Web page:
The First Presbyterian Church has been a part of Raleigh’s urban fabric for over a century. It is a well-established entity in Raleigh’s humanitarian outreach programs as well as an important part of the city’s community. The church has gone through several renovations and additions since its establishment in the 1800s, however, resulting in several buildings gathered around a parking lot with little architectural connection. The congregation wanted to update the campus to become more modern, practical and united. The members also wanted the campus to be more welcoming to the public and to contribute to downtown revitalization by reusing rainwater, minimizing energy consumption, and incorporating “greenscapes.”
Our Design Response
The project included renovating the existing Sanctuary and adjacent spaces, and replacing the existing 18,000-square-foot Education Building with a new 24,000-square-foot Education Building that houses classrooms, library, a coffee bar, archives, a common gathering space, atrium, reception area, bathrooms, and offices. The existing parking lot has now become a landscaped link that connects the two sides of the campus, along with other landscaping. Embracing green architecture, the project includes many LEED principles, such as natural ventilation and lighting and the use of locally available materials.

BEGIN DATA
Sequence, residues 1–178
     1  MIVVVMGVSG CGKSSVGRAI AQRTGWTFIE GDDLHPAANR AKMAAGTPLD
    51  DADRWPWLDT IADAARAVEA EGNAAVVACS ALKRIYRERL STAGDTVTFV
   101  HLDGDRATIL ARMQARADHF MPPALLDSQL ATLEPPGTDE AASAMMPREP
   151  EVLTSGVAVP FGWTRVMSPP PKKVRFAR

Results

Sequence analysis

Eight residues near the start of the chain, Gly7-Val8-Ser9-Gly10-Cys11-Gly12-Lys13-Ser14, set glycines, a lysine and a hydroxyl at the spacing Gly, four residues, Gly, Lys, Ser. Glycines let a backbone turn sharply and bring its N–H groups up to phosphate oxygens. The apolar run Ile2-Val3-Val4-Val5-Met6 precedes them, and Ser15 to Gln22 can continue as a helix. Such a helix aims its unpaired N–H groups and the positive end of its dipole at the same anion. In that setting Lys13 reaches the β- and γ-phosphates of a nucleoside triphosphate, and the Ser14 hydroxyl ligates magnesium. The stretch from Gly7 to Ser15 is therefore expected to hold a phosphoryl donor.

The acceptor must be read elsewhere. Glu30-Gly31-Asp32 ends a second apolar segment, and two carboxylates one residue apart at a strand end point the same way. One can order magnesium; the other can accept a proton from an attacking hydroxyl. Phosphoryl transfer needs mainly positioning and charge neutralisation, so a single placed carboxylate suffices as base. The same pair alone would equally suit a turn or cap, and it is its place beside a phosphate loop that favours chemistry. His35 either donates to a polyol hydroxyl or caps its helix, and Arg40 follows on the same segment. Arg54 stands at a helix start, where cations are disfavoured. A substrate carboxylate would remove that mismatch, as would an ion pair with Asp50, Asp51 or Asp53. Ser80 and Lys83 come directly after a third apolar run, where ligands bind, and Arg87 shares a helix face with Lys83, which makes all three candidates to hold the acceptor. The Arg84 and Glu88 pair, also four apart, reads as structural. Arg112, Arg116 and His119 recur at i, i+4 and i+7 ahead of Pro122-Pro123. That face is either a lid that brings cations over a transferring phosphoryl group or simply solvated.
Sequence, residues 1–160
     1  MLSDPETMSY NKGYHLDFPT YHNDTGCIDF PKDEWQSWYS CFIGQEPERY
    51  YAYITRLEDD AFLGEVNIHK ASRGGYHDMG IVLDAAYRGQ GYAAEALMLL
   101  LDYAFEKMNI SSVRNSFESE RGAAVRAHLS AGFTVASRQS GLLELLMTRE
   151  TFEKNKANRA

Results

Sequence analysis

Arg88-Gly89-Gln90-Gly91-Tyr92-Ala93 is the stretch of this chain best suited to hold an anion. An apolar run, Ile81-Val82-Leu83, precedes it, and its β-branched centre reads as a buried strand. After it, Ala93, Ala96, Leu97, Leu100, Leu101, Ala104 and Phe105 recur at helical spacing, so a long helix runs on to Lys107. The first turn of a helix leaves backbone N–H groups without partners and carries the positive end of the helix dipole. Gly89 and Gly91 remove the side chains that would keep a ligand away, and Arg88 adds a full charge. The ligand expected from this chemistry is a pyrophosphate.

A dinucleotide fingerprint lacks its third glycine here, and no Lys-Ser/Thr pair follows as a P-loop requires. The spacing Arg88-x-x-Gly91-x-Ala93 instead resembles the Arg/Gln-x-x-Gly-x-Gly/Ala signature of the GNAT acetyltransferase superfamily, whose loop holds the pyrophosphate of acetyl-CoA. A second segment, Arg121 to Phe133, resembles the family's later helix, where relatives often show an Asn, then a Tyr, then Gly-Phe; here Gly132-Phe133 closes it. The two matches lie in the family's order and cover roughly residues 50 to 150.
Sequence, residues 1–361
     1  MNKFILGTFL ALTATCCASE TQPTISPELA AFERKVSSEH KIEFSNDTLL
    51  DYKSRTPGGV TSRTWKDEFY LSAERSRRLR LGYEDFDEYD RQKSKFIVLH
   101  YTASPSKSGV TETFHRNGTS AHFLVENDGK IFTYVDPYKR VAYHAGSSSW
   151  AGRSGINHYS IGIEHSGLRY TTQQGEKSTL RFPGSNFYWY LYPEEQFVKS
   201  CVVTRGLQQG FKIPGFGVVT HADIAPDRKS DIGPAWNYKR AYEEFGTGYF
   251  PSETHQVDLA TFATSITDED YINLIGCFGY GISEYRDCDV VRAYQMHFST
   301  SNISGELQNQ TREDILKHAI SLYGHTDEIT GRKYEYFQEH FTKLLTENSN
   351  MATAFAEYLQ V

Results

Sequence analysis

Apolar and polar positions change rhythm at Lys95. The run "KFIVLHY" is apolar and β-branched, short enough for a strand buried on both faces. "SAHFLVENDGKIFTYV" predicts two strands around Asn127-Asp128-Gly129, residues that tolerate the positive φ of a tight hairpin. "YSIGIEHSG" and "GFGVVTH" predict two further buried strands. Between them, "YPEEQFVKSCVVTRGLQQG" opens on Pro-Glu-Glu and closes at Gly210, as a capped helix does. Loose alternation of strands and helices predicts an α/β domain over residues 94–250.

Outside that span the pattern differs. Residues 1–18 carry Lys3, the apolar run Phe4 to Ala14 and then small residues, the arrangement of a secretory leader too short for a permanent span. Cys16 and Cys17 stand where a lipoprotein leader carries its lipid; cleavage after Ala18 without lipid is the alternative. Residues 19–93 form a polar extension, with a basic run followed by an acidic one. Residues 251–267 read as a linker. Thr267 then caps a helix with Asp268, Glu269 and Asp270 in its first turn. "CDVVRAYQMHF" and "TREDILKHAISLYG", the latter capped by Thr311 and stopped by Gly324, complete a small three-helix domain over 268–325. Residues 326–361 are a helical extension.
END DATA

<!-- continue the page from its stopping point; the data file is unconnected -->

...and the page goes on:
One of the most sustainable aspects of the church renovation was the recovery of the original 1900 building fabric, which had been covered over in subsequent renovations. We restored natural light in the old Sanctuary and adjacent Fellowship Hall, and uncovered three magnificent terra cotta and brick arches that now connect the two spaces. Before the renovation, the congregation exited Sunday services into the street or into a dark side corridor. Now, large wide doors with the arches open into the light-filled gathering space that leads to the new classroom building.
The renovation and the new Education Building not only improved and expand First Presbyterian Church as a place of worship, they also make this historic campus an exemplary liturgical community within the city.